Consumer sentiment up, spruikers surging, it must bull
Consumer sentiment jumps, there’s a surge in advertising for get-rich-quick spruikers, the newsletter peddlers are turning from fear to greed – with the surge in bull, it really might be a bull market.
The February Westpac-Melbourne Institute consumer sentiment index published today is up a sharp 7.7 points to a healthy 108.3, its highest level in 26 months.
Maybe this rise is a little too sharp to mean as the demographic breakdown of the survey shows the biggest impetus came from those aged 18 to 24 (up 32 per cent), sales/clerical staff (also up 32 per cent) and those with a household income of between $20,000 and $40,000 (up 9.6 per cent). So poor, young shop assistants might be feeling chipper with the January sales behind them.
The Institute’s trend measurement smooths out the spike to show a more modest 1.4 per cent rise for a still-reasonable score of 104.5, up 6.5 per cent on this time last year. Fewer scary headlines about North Atlantic economic crises, lower interest rates, a rising stock market and some firmer housing prices seem to be doing their trick.
And there’s another harder-to-manage indicator of an outbreak of optimism: the get-rich-quick spruikers seem to be on the rise again and the tone of investment newsletter peddlers is changing from selling fear (“The market is about the crash and the economy is cactus”) to greed (10 top stocks to make you money”).
Yes, the real estate investment “seminars” are back, not that they ever really went away, and the art of telling newsletter subscribers what they want to hear, reinforcing existing emotions, means the emphasis is switching overnight from warnings about losing all your money to making it. It was only seven months ago that Alan Kohler wrote we were in a depression.
As if often the case when sentiment does turn, not all that much is fundamentally different. The North Atlantic crises have not been solved, they’re just being managed for the time being. China is growing nicely, but it was growing nicely enough last year when the Chicken Littles were panicking and claiming otherwise. Japan is a definite worry, economically and politically. The domestic labour market is still soft, will remain soft and unemployment is likely to continue to edge up a bit. While business confidence has improved, business conditions have not.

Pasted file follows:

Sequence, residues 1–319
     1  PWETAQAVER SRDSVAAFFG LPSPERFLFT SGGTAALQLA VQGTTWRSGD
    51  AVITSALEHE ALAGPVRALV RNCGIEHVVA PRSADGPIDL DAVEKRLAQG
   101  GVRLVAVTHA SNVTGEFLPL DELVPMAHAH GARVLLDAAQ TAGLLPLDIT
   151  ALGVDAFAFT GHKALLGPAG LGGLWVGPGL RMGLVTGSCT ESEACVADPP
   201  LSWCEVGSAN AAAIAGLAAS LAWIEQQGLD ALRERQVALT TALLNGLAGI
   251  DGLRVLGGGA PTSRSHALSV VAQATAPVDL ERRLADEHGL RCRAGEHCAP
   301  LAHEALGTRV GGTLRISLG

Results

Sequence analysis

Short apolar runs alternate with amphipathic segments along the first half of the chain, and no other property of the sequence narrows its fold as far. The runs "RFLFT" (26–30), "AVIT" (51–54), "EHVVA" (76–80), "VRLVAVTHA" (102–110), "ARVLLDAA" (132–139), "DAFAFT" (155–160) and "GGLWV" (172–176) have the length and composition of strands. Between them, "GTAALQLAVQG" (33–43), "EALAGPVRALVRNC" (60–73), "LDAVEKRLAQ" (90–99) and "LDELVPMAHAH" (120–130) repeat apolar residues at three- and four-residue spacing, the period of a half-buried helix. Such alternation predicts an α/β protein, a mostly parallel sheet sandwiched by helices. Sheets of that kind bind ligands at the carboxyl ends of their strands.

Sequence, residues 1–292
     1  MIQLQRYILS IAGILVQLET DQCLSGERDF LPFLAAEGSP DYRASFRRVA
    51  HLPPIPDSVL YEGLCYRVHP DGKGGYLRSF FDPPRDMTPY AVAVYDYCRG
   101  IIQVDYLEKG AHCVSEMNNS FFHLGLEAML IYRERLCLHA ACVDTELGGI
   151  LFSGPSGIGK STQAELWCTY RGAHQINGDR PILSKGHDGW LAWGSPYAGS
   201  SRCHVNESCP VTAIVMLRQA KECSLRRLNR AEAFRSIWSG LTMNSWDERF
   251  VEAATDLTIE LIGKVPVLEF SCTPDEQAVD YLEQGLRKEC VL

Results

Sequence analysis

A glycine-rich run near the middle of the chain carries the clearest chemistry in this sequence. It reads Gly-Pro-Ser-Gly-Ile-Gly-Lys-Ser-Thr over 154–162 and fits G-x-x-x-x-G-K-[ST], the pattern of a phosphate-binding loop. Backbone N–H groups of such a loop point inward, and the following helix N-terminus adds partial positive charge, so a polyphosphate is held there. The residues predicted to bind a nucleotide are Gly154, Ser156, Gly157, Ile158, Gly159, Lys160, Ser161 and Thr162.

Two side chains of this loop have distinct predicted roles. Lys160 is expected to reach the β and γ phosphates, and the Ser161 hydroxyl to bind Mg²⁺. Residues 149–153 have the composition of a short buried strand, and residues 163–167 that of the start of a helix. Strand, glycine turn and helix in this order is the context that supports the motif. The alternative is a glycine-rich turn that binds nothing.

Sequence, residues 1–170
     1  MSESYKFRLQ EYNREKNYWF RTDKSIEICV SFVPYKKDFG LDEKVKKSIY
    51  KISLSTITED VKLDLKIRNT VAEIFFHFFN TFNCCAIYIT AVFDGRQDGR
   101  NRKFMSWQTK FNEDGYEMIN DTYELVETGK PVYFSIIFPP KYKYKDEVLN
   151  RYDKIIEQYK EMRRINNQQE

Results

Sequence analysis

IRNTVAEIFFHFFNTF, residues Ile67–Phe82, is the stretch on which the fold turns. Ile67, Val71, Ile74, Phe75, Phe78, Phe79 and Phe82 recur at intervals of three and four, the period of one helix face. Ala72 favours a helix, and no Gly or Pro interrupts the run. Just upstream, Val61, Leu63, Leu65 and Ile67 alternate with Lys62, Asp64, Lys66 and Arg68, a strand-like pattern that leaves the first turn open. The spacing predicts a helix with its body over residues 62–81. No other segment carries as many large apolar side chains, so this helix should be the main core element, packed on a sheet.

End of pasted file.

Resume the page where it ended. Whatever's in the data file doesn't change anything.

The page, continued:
The only fundamental change is looser monetary policy – the Reserve Bank’s blunt weapon beginning to be felt – and the mysterious thing that is confidence itself.
It seems that no-one in Australia remembers what hard times are actually like as most seem to think we’re living in them now, except for young shop assistants who thought they were last month. A simplistic explanation for when a recession turns is when the 85 or 90 per cent of people with jobs decide they’re not likely to lose them. It’s a line that’s not without merit.
The end of the slide in housing prices makes possible the confidence required for people to buy housing, firming up prices. The stock market is not rallying because companies are markedly more profitable, but because the fear of prices falling has eased – and the RBA has made company dividends relatively more attractive.
The core of the alleged cost of living “crisis” – higher utilities bills – should taper off as well with the worst of the surge behind us and more people and governments waking up to its cause.
And, despite the best efforts of the squeaky wheels, populist journalism and politicians, there have been a couple of little surprises that fly in the face of some people’s personal experience and more general perceptions: employment in manufacturing and retail rose last year. You probably didn’t read about that.
Tucked away in Friday’s RBA statement on monetary policy was a graph showing employment movement in the key industries. Construction had a bad 2012, as did public servants, but manufacturing bottomed in 2011 and edged up last year. Retail and whole trade started 2012 badly but then steadily improved. The numbers aren’t big, but they were positive – they had stopped falling.
P.S. For followers of the fascinating split in consumer confidence by voting intentions, the gap between Labor and Coalition voters re-opened a little this month after a surprise narrowing in January. It’s nowhere near the chasm of July when the carbon tax started. Both sides gained in February – Coalition voters by 4.3 points to 105.4 and Labor voters by 9.1 to 123.8 – but it’s the improvement in coalition voters’ outlook that has made the big difference over the past year, a rise of 14.8 points. And they are more of them.
Michael Pascoe is a BusinessDay contributing editor.